The Egyptian Theater renovation project cost Netflix $70 million
The Egyptian Theater was only closed for a few years when the non-profit organization American Cinematheque bought the building. It was the old theater bought the group for just $1. With the resources they had, the American Cinematheque tried to restore the center to its original state.
Showing films from the 1980s, American Cinematheque combines filmmaking with community building and found its new home in 1998 at the renovated Egyptian Theatre. Although some decorative elements remained the same, its entire functionality has been modernized. The latest model turned its single screening room into two, with the second named after a famous director Steven Spielberg.
By the time Netflix was conducting its first audit in 2019, critical issues with the old structure, which were too expensive to deal with in the 1990s, were becoming more apparent. The streaming giant’s intentions included restoring the old theater to its true original condition, which meant eliminating the most modern elements that were irrelevant to the period in which it was built. Netflix also said it hoped to play its own movies and shows on the iconic big screen. This would mean major events hosted by Netflix, based on the screening of their new content.
After more than a year of discussion, Netflix and American Cinematheque reached a deal that began last week. While Netflix playing their original content and hosting events Monday through Thursday each week, the Egyptian Theater is still home to the American Cinematheque, as they screen films on Fridays, Saturdays and Sundays. While ushering the iconic landmark into a new era of Hollywood is undoubtedly historic, this isn’t the first time Netflix has taken an aging theater under its belt. his shield The entertainment company gave the Paris Theater a similar treatment, entering into a lease with the screen movie house before it had to close its doors for good.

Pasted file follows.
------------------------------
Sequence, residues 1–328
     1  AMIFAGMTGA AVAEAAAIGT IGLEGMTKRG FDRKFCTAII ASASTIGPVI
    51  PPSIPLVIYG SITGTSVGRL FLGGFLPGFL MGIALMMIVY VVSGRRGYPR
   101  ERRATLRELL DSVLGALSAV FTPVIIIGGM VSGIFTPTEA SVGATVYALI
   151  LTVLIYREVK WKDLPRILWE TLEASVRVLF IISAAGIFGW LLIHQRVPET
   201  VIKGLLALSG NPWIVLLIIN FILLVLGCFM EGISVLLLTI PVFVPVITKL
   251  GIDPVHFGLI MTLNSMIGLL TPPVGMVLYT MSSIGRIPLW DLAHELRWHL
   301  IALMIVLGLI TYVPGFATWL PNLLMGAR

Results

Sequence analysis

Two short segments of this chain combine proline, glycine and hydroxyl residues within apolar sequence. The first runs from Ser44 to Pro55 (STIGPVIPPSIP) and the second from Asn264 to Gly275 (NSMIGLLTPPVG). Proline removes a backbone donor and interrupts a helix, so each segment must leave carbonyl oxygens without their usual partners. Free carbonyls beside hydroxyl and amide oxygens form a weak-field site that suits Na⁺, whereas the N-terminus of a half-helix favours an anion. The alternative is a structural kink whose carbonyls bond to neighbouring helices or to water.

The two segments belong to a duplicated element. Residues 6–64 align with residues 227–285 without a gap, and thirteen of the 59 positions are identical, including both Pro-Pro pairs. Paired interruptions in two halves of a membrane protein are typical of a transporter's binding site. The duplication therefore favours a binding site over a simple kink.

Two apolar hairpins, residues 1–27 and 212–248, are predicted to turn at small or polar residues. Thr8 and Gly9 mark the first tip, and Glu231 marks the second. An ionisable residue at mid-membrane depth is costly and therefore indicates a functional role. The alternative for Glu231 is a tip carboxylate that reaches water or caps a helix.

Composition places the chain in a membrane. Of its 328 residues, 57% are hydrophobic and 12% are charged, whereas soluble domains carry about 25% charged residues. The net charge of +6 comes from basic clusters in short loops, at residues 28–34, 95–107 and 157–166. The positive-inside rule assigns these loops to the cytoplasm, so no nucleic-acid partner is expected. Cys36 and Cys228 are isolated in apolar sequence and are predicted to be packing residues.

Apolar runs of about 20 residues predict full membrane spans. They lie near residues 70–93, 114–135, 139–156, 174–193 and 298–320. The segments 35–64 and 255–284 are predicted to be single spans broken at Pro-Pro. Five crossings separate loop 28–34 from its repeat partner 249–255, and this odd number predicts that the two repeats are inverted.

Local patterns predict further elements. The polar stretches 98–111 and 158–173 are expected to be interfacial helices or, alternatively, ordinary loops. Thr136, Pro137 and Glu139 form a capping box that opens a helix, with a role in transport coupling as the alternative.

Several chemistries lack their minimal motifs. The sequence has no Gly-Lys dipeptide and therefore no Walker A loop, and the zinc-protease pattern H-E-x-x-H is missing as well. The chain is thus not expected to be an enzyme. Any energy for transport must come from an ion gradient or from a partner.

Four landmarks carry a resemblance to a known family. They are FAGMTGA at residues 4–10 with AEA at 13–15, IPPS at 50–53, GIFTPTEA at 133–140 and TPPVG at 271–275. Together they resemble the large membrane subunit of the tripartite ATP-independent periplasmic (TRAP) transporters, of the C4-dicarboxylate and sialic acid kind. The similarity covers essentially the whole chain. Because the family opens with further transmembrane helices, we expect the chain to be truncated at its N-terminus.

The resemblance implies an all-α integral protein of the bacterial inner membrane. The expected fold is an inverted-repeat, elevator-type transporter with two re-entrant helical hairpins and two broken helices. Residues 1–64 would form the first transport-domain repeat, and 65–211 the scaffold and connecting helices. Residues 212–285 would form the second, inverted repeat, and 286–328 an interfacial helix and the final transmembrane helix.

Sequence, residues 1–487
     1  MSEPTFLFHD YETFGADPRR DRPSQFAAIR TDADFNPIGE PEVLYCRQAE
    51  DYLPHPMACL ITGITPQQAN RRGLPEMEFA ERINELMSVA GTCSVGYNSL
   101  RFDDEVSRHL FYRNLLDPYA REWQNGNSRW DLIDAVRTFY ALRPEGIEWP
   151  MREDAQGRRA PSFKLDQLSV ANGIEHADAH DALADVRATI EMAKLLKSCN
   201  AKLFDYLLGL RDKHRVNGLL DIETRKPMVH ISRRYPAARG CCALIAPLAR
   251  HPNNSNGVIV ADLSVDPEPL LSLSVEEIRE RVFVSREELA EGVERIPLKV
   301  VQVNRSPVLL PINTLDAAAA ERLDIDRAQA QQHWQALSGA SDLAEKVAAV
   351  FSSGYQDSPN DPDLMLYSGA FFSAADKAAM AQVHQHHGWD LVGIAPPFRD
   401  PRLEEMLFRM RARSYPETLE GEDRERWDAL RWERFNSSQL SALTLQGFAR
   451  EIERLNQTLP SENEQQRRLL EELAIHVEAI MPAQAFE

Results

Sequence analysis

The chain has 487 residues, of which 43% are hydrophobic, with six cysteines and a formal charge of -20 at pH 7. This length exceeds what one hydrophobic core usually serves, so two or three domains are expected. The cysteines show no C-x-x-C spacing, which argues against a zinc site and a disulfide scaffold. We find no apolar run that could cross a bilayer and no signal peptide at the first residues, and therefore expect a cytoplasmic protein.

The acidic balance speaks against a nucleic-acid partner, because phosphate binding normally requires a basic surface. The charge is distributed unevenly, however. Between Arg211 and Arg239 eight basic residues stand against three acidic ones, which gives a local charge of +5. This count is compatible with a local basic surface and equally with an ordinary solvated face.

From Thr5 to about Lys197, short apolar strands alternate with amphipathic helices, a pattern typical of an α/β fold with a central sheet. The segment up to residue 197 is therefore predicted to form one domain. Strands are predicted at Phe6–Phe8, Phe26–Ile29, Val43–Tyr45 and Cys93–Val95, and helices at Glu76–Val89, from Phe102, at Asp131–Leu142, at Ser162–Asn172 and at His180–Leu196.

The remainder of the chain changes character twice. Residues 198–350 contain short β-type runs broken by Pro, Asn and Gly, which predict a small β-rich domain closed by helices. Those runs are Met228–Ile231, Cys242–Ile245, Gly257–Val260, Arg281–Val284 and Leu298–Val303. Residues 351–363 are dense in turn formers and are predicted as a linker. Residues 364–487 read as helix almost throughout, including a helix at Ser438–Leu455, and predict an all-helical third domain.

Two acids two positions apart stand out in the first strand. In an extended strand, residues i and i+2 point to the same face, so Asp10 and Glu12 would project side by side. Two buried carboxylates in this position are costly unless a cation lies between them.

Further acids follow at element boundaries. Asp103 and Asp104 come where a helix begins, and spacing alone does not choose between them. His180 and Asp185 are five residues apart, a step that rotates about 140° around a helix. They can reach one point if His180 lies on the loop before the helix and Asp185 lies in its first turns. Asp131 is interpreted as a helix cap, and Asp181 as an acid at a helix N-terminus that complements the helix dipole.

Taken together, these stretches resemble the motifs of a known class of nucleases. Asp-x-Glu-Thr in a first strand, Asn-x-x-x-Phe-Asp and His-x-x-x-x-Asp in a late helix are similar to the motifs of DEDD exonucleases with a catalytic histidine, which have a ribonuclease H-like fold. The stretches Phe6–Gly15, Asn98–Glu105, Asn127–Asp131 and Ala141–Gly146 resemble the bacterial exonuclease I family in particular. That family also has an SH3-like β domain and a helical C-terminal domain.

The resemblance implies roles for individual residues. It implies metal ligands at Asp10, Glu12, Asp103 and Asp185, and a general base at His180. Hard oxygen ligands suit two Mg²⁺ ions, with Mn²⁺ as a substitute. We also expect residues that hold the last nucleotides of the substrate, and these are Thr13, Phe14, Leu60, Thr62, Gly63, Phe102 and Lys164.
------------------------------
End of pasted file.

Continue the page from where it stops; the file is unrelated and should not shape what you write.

It’s not hard to imagine the cost of Netflix’s leap towards becoming a permanent part of Hollywood when it comes to receiving awards and accolades for their content, especially with the restoration alone cost the company about $70 million. It’s also time for the recent writers and actors strike to end after 6 months of workers demanding fair pay in the age of streaming. Further, the deal wouldn’t feel right without a new Netflix-centric gift shop selling content merchandise exclusively for their original streaming content. Nevertheless, talent and filmmakers alike have access to one of the most important places in Hollywood history, especially in the midst of an ever-changing industry, just as Golden Age glamor he gets.
Temple of Film: 100 Years of Egyptian Theatre streaming on Netflix in the US
Watch on Netflix